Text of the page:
Russian roulette clause shareholders agreement

Our Investment Banking firm receives an unusually large sum of inquiries from minority interest shareholders searching for help. Often times they’ve already just been terminated and concurrently be handed a Letter of Intent to acquire their minority shareholder stock.

When they search at these offers, they may be hit making use of their second punch within the gut. The offers tend to be woefully in short supply of what the terminated shareholder expected. However, whenever they start to investigate, the cruel reality with the situation makes its presence felt. IRS Revenue Ruling 59-60 allows steep discounts when valuing minority interests in private companies. The absence of marketability discount will be as high as 40%. A second discount for deficiency of control for about 40% can be applied in addition to that.

Theoretically, when you owned 49.9999% of the company that has a $10 million value which maximum discounts were applied, your $5 million value evaporates into $800,000.

Wait, it gets worse. The oppressive shareholder knows that through either the shareholder agreement or Corporate By Laws, they’ve got every to buy your minority stock with an even bigger discount from fair value. I cannot let you know how many times I have seen almost the identical language as below in By Laws or Shareholder Agreements:

Right of First Refusal: “The Corporation Shall develop the power, at its option to acquire any and all of the company’s shares owned and held by any shareholder who should want to sell……the shareholders shall not assign, transfer, encumber, or even in any manner get rid of any of all in the shares with the corporation that will now or hereafter be held or of them, with out such shares will be transferable unless and until such shares have first been agreed to the corporation.”

Wait, the pain sensation is just beginning… “In the wedding the Corporation exercises its right of first refusal beneath the above clauses, the purchase price will likely be payable in cash or bank check, and will be the book value from the shares, exclusive of goodwill, as from the first notice, as determined based on generally accepted accounting principles and should be binding upon the parties.”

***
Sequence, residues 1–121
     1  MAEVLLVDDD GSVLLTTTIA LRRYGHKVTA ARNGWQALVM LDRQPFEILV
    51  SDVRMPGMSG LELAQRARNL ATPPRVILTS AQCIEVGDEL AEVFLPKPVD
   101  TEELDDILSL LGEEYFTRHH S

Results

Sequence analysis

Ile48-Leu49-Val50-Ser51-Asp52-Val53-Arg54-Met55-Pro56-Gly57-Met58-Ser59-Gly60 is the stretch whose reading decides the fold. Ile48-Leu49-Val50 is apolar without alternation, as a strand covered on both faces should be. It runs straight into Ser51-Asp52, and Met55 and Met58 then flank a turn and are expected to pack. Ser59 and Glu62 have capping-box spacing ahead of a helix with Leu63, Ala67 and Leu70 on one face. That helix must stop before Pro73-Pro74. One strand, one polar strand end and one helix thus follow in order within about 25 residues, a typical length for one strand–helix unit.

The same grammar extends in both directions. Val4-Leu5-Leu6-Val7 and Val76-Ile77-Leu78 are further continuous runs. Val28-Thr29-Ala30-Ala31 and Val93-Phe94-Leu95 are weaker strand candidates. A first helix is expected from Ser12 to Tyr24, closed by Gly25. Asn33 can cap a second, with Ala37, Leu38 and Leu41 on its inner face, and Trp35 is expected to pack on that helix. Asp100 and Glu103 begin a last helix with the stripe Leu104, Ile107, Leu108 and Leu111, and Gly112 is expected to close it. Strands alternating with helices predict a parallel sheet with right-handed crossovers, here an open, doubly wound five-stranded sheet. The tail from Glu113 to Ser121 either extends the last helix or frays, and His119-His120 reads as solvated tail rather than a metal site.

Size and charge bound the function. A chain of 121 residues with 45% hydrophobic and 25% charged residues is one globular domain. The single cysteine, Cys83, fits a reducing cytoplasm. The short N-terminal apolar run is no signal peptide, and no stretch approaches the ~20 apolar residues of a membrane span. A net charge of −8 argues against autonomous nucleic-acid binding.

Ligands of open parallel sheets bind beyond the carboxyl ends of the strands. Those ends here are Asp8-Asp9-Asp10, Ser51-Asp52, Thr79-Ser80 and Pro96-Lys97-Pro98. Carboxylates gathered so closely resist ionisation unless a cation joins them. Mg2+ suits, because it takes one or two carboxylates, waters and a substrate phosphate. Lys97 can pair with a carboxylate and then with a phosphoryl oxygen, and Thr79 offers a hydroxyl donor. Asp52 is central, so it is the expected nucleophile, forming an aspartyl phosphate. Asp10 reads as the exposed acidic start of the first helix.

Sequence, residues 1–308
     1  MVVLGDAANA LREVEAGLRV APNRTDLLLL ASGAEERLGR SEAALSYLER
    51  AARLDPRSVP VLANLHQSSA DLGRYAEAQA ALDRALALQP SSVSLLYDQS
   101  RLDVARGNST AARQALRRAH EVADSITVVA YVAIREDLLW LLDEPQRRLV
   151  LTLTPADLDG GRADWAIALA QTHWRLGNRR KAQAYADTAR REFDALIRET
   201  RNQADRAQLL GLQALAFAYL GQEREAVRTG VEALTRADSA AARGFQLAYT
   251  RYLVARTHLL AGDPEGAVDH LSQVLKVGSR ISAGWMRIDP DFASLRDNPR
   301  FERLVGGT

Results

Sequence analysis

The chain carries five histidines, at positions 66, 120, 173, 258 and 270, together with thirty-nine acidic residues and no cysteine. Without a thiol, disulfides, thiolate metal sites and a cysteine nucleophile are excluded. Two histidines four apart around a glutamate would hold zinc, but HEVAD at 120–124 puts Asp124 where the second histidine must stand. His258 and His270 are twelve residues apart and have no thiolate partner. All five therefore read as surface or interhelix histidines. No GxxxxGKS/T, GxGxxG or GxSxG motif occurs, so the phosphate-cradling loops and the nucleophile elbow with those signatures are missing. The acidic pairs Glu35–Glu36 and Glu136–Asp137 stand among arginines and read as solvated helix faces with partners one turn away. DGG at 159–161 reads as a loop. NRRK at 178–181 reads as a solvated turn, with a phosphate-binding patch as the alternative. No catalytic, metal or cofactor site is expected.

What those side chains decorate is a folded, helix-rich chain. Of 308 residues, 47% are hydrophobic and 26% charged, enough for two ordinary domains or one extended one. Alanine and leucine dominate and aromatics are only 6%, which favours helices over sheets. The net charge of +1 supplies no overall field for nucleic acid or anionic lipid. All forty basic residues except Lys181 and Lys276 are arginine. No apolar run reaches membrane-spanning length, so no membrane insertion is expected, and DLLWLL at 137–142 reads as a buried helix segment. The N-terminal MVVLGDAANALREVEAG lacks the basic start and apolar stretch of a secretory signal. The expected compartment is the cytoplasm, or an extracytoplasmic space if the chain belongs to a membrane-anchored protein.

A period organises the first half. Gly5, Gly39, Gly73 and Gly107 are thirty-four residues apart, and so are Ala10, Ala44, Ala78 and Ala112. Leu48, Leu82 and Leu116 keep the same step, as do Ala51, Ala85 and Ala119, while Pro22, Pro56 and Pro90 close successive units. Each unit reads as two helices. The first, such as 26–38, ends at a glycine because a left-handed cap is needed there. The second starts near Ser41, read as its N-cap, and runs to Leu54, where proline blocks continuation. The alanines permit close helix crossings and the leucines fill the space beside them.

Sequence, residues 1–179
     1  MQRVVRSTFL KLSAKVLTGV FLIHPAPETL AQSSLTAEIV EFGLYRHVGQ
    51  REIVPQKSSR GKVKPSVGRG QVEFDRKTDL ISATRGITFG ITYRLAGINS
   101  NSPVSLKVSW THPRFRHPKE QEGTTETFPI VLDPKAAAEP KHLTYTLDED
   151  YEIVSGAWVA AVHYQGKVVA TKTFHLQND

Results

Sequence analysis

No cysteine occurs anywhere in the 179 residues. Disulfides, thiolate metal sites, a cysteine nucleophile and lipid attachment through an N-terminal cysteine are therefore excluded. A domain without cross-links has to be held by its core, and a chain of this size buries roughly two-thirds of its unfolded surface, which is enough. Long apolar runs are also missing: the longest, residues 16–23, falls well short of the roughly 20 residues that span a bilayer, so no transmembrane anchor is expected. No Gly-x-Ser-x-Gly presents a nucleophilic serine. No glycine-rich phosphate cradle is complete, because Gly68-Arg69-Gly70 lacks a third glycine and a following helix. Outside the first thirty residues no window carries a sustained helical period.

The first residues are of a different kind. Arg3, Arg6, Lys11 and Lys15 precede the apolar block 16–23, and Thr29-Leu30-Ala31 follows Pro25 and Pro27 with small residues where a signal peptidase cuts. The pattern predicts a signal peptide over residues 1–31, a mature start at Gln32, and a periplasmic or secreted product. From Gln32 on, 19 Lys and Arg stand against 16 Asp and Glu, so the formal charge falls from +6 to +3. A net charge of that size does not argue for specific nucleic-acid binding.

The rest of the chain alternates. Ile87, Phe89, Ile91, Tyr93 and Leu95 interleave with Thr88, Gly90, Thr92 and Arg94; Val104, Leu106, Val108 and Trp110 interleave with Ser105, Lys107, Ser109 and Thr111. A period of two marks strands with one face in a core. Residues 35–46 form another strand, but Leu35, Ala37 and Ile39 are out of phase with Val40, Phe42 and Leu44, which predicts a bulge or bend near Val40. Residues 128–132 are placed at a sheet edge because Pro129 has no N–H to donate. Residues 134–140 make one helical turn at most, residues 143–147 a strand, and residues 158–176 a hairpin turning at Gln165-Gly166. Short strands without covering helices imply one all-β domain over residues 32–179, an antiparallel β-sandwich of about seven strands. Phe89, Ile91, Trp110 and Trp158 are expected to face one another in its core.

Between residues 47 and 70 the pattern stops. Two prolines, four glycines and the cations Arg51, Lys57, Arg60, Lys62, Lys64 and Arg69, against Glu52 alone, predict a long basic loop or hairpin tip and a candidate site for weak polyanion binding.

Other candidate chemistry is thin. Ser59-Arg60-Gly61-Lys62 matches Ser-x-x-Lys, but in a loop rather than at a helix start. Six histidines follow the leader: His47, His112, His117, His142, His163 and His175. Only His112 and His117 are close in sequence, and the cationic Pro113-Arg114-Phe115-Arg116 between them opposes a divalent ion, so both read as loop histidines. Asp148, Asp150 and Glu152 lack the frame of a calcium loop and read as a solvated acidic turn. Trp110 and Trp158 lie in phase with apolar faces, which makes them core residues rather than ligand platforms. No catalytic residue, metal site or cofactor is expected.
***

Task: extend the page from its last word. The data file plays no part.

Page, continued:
In most examples the “book value” of any company net of a good will is often a small fraction on the true value with the company. I checked out a company recently which in fact had a market price of approximately $10 million. Its book value by using this definition was approximately $800,000. A 40% shareholder needed to sell his shares. According to your shareholder agreement, if, after he was terminated and given his bid in the oppressive shareholder of $500,000, he sought to trade his shares to a outside party, however have triggered the Right of First Refusal clause. The result might be a mandatory sale on the Corporation at a importance of 40% of $800,000 or $320,000. This is not even close to your fair value in the company multiplied by his shareholder percentage.

Unfortunately, traditional legal methods are inadequate to help you these minority shareholders. Their attorneys are still with pursuing a wrongful termination lawsuit. Those turn out to be a frustrating and ineffective make an effort to extract a bit of of respite from this pain these are experiencing. The poor client will discover it hard to win, he can spend the full amount of your potential settlement on estate agent fees and most importantly, he or she is focusing on the best potential reward. His prize is his stock. MidMarket Capital did with several clients in this field and has identified numerous successful strategies that will achieve meaningful exits without legal conflict.

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